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FROM THE EDITOR

What is the Responsibility of Responsible Business to Government?

Deregulation and tax reform—those are the two main issues that business was looking to the Trump administration for new, business-friendly policies. What business was not looking for from the Chief Executive turns out to be more significant: policies on immigration, climate change, transgender rights, and race that have driven CEOs away from the White House. A group of leading top level executives have demonstrated the power of business to speak out and push back against Trumpian positions on issues that affect society by issuing statements on these political issues. “Today, to keep silent is to jeopardize the reputation of the company,” says Nancy Koehn, of Harvard Business School, quoted in the NY Times article,  “The Moral Voice of Corporate America.” Read the insightful details about this sea change in business behavior here.

John Howell, Editorial Director

Special Announcement: Ethical Corporation offers webinar recordings of Supplier Development: Quantifiable Bottom Line Benefits

ReportAlert: Freeport-McMoRan releases 2016 Working Toward Sustainable Development Report

ReportAlert: Commonwealth Bank of Australia publishes 2017 Corporate Responsibility Report

News & Blogs

by Pete

<p>Developing a corporate mission is an essential activity for pretty much every large company.


<p>For many people, ecotourism is a means of minimizing the &ldquo;footprint&rdquo; left behind in ecologically sensitive regions of the world, while satisfying an urge for visiting exotic places. While it is generally recognized that travel, especially internationally, broadens one&rsquo;s perspective, for many people it has become difficult to justify indiscriminate wanderlust.


<p>When conjuring up an image of city living, people sometimes think of noise, trash, congested streets, miles and miles of concrete, and skyscrapers.&nbsp; However, what if there was a city with great air quality, lots of green space, and innovative ways of dealing with urban issues?&nbsp; Well, not only is there one city like this, there are several and the numbers are growing.&nbsp; Cities all across America are taking step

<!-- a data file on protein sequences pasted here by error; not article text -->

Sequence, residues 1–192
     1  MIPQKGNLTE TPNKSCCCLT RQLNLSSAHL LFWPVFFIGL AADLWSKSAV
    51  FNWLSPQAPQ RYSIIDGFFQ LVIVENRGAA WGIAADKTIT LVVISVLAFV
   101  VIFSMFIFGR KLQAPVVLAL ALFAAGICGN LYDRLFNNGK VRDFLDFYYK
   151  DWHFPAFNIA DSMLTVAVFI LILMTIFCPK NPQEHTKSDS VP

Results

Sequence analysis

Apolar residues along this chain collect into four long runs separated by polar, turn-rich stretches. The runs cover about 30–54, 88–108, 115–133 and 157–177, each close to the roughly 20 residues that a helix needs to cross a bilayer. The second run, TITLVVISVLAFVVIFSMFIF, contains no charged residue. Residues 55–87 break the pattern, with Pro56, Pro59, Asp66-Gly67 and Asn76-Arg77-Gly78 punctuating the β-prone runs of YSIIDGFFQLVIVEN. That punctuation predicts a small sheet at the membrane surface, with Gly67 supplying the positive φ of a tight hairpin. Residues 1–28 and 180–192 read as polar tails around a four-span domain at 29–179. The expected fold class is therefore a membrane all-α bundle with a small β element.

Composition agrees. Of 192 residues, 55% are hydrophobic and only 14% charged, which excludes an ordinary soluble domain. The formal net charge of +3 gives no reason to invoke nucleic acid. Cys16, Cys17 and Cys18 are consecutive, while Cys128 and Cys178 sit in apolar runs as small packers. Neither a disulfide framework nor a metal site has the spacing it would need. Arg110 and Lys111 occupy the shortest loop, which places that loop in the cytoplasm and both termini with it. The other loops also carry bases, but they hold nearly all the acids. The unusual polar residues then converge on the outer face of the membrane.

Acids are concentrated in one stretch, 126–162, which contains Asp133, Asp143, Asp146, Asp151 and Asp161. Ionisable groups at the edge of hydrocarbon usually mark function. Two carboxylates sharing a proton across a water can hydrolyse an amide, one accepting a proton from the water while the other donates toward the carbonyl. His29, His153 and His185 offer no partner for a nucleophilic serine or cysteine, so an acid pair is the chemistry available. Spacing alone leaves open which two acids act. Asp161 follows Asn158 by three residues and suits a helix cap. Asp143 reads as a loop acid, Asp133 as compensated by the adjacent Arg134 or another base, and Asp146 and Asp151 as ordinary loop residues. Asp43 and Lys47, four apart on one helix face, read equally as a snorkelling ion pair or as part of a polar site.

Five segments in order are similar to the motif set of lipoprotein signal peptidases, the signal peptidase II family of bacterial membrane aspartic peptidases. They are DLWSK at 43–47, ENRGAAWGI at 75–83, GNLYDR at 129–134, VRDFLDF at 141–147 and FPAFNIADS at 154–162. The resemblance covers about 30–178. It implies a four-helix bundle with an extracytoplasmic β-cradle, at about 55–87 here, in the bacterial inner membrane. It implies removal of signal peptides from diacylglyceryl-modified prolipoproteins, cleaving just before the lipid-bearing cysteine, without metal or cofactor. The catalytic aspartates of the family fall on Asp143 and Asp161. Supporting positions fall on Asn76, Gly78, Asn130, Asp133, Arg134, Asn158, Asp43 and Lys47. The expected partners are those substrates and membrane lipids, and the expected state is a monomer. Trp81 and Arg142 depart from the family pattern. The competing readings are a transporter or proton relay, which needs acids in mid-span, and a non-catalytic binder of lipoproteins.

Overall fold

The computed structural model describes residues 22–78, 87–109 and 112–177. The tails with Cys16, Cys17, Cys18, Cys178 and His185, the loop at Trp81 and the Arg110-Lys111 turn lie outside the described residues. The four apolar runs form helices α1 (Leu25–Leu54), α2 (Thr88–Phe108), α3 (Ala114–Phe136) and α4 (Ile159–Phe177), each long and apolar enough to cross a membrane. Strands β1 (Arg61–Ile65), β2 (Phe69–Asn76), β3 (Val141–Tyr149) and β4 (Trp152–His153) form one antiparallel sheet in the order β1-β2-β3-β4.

by Richard

<p><br /> In my last posting, I talked about Vinod Khosla&rsquo;s criticism of several green technologies -- such as photovoltaic solar, hybrid or electric cars and &ldquo;clean&rdquo; coal -- as unlikely to have any significant impact on global warming. Khosla believes that in order to make a real difference,&nbsp; politicians, and individual consumers, have to begin looking past the popular fads.


<p class="MsoNoSpacing"><span style="font-size: small;"><span style="font-family: ">Tom Szaky was a freshman at Princeton when he and some friends stumbled upon a killer fertilizer: worm poop.<span>&nbsp; </span>&ldquo;We were trying to grow better pot and it turned out worm poop did the trick&rdquo; Tom told me matter-of-factly at the start of our conversation.<span>&nbsp; </span>At the time they wer


by John

<p><span style="font-size: x-small;"><span style="font-family: Times New Roman;">Some might suspect that the connection between the Olympic Games and Corporate Responsibility might focus on the recent opening of the summer games in China and the political turmoil that has surrounded the games even before the first athletes stepped forward to compete.<br /> <br /> This, however, is not that essay.


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